Whilst stock on market has increased steadily since 2011, it does appear to have stabilized over the last several months.

Asking prices have also declined from their respective peaks and are down 15% and 10% for houses and units over the last year alone. But small pockets of strength remain. For example, the asking price of 3 bedroom houses has grown by 10% over the last year.

Newman, WA – 6753

The trend changes in Newman appear to be a more recent phenomenon. The residential vacancy rate has gone from a low of just above zero at the start of 2013 to a high of 5.8% in November 2013.

The fall in asking rents has only occurred since the middle of 2013. Asking rents are down 10% and 6% for houses and units respectively over the last 12 months. Asking rents are still relatively high compared to history, which suggests prices may still have a way to go down.

Housing stock on market for sale has seen a marked increase since the start of 2013. Most of the increase has been in the number of houses (as opposed to units) hitting the market. Interestingly, asking sale prices have moved only modestly during the shorter time period.

Queensland

Moranbah QLD, 4744

This is a coal mining town in QLD and in 2011 was ranked as the most expensive place to live in QLD.

It’s interesting that the growing vacancy rate is not just limited to WA. Over time, there has been a distinct and consistent seasonal pattern to the vacancy rate in Moranbah, fluctuating between zero and 3%. Since early 2012 though, the residential vacancy rate has gone from sub 1% to 7.7% at November 2013. The vacancy rate in Brisbane is 2.4%.

This large move has been matched by large declines in asking rents since mid-2012 as well. The declines over the 3 year period are also substantial – 46% for houses and -37% for units.

Interestingly, housing stock on market for sale has been declining – it’s well below GFC highs and in a very clear down trend. But at the same time, asking prices have also declined substantially. Over the last 12 month period, asking prices are down by 25% for houses and 33% for units. Substantial declines are also evident across more recent time frames of week, month and quarter.

Dysart QLD, 4745

This is another coal mining town in QLD. The main mine in town, the Norwich Park Mine, closed on 11th April 2012 after 32 years. It was reopened in Saraji Mine 26km north of the town. But a more recent event has caused the residential vacancy rate to rise quickly. It’s now at 11%, which is actually well down off its highs of almost 20% earlier in the year.

Asking rents have also fallen over the last several years with houses recording a -52% decline and units a -40% decline in asking rents. Prices appear to have stabilized over the last year.

Stock on market reached its peak in late 2012 and has stabilized in 2013. So whilst no further stock was building up on the market, the current levels aren’t clearing either. At the same time, asking sale prices have experienced reasonably high declines of around 17% for both houses and units over the last year. The decline in asking sale prices has stabilized more recently.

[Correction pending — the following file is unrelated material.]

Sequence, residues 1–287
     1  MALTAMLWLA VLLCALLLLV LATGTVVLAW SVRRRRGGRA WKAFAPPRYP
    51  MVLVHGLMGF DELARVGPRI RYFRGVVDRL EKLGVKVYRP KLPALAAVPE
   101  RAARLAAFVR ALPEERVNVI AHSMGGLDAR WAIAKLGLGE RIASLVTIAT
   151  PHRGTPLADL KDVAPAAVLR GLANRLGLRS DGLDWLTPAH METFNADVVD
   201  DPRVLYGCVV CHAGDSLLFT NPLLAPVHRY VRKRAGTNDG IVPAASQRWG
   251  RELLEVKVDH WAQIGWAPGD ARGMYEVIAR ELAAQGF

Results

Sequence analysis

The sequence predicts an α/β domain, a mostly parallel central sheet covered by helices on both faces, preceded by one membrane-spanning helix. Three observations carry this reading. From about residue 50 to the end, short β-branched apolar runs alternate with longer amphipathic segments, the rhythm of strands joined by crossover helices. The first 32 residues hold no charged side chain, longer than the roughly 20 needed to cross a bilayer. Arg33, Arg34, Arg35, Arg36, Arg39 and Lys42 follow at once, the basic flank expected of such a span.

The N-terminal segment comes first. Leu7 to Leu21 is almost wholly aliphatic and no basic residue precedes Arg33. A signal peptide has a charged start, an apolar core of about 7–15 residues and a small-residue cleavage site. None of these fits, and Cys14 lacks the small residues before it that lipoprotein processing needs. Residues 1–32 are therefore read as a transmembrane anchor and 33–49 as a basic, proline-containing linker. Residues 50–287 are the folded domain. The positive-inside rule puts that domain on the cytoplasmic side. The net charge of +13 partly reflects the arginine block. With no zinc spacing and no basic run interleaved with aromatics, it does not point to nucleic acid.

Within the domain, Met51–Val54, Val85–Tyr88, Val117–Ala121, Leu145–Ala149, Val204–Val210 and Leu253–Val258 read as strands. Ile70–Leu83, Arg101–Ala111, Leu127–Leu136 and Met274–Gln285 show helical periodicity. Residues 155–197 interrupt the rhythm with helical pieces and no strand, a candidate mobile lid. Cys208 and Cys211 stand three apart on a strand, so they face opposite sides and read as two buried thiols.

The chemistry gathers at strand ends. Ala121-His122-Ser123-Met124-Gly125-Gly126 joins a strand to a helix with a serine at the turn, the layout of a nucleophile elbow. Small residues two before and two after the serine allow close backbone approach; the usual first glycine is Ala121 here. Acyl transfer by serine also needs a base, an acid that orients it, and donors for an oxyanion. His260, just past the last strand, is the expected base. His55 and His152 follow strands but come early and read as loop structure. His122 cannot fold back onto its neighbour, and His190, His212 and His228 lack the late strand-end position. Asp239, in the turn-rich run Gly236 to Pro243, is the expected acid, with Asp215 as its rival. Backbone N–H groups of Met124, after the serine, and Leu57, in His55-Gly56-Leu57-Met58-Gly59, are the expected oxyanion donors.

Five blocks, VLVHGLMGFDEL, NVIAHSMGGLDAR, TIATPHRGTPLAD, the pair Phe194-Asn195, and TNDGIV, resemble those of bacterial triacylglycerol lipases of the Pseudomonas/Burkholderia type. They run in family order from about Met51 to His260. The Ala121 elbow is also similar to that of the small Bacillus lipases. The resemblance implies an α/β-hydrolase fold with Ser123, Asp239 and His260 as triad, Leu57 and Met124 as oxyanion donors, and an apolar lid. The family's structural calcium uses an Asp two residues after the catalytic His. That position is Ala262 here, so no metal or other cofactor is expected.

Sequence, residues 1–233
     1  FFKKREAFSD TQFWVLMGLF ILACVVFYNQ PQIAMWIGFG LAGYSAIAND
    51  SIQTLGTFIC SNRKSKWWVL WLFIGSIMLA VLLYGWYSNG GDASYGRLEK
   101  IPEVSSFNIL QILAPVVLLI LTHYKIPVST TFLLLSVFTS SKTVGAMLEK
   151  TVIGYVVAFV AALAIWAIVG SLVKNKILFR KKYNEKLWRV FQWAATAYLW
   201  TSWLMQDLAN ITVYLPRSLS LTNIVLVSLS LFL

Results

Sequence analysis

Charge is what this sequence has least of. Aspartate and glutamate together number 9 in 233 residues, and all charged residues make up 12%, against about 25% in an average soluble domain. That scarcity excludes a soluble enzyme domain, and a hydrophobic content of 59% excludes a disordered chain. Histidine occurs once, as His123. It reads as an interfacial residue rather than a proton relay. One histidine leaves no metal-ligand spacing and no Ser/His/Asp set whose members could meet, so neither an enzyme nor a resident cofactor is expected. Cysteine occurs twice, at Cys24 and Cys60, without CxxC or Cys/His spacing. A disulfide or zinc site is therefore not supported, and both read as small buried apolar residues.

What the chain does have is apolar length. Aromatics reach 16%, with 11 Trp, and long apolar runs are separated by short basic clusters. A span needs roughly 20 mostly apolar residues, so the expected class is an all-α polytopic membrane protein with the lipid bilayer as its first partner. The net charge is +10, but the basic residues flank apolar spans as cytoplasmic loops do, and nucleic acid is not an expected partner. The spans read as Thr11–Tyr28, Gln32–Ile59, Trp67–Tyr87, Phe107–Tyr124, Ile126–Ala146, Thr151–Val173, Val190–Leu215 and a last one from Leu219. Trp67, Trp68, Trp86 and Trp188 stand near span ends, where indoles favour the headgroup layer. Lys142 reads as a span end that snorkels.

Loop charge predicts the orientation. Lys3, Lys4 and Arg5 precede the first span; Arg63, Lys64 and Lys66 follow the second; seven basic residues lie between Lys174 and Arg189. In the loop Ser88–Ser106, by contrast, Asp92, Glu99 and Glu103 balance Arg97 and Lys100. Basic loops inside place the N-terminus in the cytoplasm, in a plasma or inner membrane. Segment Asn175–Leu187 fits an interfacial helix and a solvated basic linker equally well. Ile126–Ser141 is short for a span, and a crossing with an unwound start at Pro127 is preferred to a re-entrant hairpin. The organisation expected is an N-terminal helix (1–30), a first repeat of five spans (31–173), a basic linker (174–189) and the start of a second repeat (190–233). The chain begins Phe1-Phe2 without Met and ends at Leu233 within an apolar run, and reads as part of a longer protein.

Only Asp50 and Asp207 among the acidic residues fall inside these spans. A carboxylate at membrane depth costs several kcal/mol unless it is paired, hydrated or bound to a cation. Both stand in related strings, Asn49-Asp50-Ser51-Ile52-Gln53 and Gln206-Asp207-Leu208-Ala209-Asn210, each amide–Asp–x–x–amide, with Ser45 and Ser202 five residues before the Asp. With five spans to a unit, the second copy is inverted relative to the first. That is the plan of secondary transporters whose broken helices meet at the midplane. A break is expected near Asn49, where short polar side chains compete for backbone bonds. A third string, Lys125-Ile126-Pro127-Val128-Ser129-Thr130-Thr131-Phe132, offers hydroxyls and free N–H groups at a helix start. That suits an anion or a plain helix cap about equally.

Emerald QLD, 4720

The final town I wanted to cover in QLD is Emerald. This is the main services town for a large number of industries in the region – mostly coal mining, but also cotton and other agricultural industries.

Similarly in Emerald, the residential vacancy rate has increased very quickly over the last eight months. It’s gone from virtually zero at the start of the year to 7.4% in November. The rise has been striking from one month to another (March to April) – which seems an unusual move. But asking rents are confirming that there has been growing vacancies with asking rents declining by 35% for houses and 37% for units over the last year. Prices appear to have stabilized over the last month and quarter though.

Further evidence of a soft housing market is the growing volume of unsold stock on market. There has been a reasonably substantial increase since late 2012. But at the same time, asking sale prices are only down by 4% for both houses and units over the last year.

South Australia

Roxby Downs SA, 5725

This is the site of the Olympic Dam mining centre producing copper, uranium, gold & silver. Plans to expand the mine by BHP Billiton were postponed indefinitely in August 2012 pending investigation of a “new and cheaper design”.

It’s not a surprise to see the residential vacancy rate go from almost zero prior to that, to now over 8%. The vacancy rate in Adelaide is only 1.4%. At the same time, asking rents have seen a substantial decline over the last year, falling by 33% for both houses and units. Prices over the last month appear to have stabilized somewhat.

Unsold stock on market has seen a steady increase since mid-2012, but levels are still below that of the GFC period. Asking sale prices have seen only a very small (compared to other mining markets) decline over the last year of -6% for houses and units. The weakness appears to be more in the rental market at this stage.

In the context of the current level of housing activity in capital cities and other urban areas, it’s shocking to see growing vacancy rates and declining rent and house prices in these mining centres. Although we are talking about small markets, the implications for the economy are large. Falling demand for housing in these centres indicates a shift away from the more labour intensive investment phase of the boom. This wouldn’t be a worry if overall business investment was poised to take the place of mining investment activity. But it’s not and this is precisely the issue that the RBA has been hoping to address by easing interest rates.